Calculating Trebuchet Velocity: A Homework Help Guide

• steve092
In summary, calculating trebuchet velocity requires understanding of the projectile's weight, distance from the pivot point, and the counterweight's mass and distance from the pivot point. The formula for calculating velocity is v = √(2gh), where v is the velocity, g is the acceleration due to gravity, and h is the height of the projectile at the point of release. To improve accuracy, it is important to account for air resistance and wind conditions. Additionally, using a simulation or physical experiment can help determine the optimal counterweight mass and release angle for achieving maximum velocity.
steve092
Trebuchet help: Calculating velocity

Homework Statement

I'm new to this site, so bear with me!
OK, so I'm doing a trebuchet for my physics project. I have done three trials with counterweights of different masses. I have all of the distances that a golf ball of mass=0.045kg has traveled. I also have the masses of the counterweights.
Just as a starting point for the first trial:
mass of the counterweight=10.937
h=0.631m

The average distance for this trial was 34.33m.

PEg=mgh
KE=(1/2)mv2

The Attempt at a Solution

I've done the calculations; however, my answers were nowhere near what the velocity should be. For one trial, the mass of the counterweight was 10.937kg. I did the calculations and the velocity came out to be 3.53m/s which seemed a little slow.

Obviously, I'm doing something wrong. I wonder if it is because the mass of the golf ball needs to be taken into account somehow? Anyways, thanks in advance!

I've used the example from https://www.physicsforums.com/showthread.php?t=250335&highlight=trebuchet and I still can't get it. I don't even understand how the answer was calculated in that example.

Last edited:
Well, I think I might have it! I used that example in the post I linked to in the previous post, and I just changed the values to fit my case. I did the other example to get the right answer that was provided. So, I'm assuming that my answer is correct

Here are the givens:
m1=10.937
m2=.045
h1=.076
h2=.838

I used:
m1gh1-m2gh2=(1/2)m1v12+(1/2)m2v22

And I used the proportion:
v1 .076
-- = --
v2 .838

And just solved for v2.

My final answer was 10.742 m/s which sounds correct, but I'd like to see if I made any mistakes.

That proportion I used, v1/v2= 0.076/0.838, what exactly is that?

OK, I think that solved for velocity correctly. Using the calculated velocity and the average distance traveled of the golf balls in a trial, I calculated a time of about 3.3 seconds. When I launched golf balls and manually timed it, the results were close enough.

1. How do I calculate the velocity of a trebuchet?

To calculate the velocity of a trebuchet, you will need to measure the length of the throwing arm, the mass of the projectile, and the angle at which the arm is released. Then, you can use the formula v = √(2gh) to calculate the velocity, where v is the velocity, g is the acceleration due to gravity (9.8 m/s²), and h is the height the projectile is released from.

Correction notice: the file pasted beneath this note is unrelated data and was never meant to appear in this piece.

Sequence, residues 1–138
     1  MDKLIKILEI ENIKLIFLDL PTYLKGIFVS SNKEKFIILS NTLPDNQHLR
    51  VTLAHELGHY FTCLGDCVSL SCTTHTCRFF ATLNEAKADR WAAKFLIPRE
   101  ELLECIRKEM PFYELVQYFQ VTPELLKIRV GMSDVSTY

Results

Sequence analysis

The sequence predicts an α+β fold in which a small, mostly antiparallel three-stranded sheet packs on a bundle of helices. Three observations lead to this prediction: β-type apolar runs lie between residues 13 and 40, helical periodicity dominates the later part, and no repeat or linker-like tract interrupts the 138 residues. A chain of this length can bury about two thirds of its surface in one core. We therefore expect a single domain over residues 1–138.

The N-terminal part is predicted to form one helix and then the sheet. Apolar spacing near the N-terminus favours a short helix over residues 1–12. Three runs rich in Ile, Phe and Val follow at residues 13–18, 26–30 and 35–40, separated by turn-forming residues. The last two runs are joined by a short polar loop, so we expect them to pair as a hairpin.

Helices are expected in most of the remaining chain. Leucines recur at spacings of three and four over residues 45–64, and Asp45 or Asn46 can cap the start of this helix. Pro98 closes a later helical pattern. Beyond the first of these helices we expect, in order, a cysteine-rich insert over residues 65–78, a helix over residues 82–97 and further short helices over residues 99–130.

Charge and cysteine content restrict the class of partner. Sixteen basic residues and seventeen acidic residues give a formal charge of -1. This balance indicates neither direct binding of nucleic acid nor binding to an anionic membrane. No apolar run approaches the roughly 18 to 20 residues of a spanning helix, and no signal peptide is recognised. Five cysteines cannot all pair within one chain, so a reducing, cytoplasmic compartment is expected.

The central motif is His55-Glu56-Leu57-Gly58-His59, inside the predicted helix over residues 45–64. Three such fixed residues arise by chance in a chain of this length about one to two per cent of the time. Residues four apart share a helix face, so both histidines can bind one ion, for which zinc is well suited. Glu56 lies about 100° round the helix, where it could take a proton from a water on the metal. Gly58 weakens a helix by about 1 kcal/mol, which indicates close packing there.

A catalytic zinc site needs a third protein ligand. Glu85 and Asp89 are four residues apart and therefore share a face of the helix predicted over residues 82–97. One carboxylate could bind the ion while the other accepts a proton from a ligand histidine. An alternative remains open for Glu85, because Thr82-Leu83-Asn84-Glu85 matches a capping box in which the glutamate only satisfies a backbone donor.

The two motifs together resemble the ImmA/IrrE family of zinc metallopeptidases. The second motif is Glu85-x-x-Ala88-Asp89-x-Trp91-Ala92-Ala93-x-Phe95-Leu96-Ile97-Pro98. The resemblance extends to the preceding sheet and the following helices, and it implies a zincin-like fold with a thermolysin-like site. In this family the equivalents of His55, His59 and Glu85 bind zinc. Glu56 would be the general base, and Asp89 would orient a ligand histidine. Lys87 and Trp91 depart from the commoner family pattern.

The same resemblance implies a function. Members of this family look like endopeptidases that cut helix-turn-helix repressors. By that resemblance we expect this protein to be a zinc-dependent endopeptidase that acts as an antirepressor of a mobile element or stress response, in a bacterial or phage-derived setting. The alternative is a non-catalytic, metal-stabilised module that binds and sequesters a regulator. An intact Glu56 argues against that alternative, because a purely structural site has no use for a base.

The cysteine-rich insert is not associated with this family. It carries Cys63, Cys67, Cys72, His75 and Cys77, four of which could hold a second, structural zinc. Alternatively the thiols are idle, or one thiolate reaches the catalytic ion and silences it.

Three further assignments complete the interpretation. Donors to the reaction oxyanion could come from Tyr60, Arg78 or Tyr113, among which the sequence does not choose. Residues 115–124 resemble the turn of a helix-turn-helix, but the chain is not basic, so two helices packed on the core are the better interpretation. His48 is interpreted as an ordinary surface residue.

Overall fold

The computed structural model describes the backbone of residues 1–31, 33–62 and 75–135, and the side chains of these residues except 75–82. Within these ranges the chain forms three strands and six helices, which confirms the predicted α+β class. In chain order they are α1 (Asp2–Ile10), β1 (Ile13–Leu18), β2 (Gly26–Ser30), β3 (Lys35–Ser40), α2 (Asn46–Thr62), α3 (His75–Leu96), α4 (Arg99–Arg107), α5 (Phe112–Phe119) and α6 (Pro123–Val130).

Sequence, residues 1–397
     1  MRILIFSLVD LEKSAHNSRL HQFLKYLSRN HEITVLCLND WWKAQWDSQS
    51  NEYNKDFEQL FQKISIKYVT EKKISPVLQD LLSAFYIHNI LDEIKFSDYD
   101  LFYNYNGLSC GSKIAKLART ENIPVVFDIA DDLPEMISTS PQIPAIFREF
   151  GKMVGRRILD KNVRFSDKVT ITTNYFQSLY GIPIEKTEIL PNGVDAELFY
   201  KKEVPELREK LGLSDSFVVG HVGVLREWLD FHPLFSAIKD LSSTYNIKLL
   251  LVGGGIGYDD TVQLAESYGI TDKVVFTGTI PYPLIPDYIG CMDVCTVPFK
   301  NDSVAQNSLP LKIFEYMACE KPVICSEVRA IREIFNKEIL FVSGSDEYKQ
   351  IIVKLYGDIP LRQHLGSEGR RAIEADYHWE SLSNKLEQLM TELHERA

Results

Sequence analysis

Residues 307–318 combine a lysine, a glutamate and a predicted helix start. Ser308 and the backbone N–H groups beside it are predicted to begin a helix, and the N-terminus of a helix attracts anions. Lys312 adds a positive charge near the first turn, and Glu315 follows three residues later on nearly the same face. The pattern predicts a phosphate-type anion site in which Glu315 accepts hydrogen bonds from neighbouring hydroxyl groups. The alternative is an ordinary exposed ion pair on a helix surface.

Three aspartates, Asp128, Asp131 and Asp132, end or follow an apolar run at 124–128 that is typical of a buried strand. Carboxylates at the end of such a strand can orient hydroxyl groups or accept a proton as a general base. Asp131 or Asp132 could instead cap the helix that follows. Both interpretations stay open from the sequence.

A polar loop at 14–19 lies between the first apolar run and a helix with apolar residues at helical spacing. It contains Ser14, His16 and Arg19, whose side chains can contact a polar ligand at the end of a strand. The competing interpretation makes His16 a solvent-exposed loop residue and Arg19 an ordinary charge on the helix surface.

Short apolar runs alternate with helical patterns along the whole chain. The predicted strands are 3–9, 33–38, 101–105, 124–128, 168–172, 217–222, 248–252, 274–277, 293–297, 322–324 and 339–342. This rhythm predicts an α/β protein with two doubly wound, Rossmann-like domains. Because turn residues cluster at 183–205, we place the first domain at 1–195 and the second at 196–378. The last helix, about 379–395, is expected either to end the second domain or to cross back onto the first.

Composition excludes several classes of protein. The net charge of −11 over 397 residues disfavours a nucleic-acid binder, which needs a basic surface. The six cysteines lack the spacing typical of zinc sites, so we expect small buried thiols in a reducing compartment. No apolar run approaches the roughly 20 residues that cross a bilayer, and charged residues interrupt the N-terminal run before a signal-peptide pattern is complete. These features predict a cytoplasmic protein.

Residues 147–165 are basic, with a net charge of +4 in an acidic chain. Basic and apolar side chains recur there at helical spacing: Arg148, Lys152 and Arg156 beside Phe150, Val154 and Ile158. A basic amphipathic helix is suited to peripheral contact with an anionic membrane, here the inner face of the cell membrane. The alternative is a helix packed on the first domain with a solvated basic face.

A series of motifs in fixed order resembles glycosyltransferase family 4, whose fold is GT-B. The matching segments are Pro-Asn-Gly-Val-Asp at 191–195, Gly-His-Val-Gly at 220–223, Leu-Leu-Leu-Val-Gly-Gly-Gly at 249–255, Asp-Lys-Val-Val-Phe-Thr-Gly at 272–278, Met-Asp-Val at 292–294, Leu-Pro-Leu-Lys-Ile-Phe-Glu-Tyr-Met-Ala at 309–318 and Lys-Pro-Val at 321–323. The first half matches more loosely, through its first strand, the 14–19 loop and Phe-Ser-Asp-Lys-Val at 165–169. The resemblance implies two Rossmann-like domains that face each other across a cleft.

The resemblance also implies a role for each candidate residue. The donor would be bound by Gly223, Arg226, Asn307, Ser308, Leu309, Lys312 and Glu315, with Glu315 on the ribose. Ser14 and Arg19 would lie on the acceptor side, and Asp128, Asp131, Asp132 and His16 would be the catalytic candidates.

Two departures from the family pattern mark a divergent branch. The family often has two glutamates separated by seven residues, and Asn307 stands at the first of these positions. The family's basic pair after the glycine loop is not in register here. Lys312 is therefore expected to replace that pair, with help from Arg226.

2. What units should I use when calculating trebuchet velocity?

The units used for calculating trebuchet velocity will depend on the units used for the measurements of length, mass, and angle. For example, if length is measured in meters, mass in kilograms, and angle in degrees, the resulting velocity will be in meters per second (m/s).

3. How does the angle of release affect trebuchet velocity?

The angle at which the trebuchet arm is released can greatly affect the velocity of the projectile. As the angle increases, the height at which the projectile is released also increases, resulting in a greater overall velocity. However, if the angle is too steep, the projectile may not have enough time to gain sufficient velocity before hitting the ground.

4. Can I use the same formula to calculate velocity for different trebuchet designs?

The formula v = √(2gh) can be used for most trebuchet designs, as long as the basic principles of the trebuchet are the same. However, some designs may require slight modifications to the formula, such as taking into account the length of the sling or the weight of the counterweight.

5. Are there any other factors that can affect trebuchet velocity?

Yes, there are several other factors that can affect trebuchet velocity, such as air resistance, friction, and the elasticity of the trebuchet arm and sling. These factors may be difficult to account for in calculations, but can have a significant impact on the actual velocity of the projectile.

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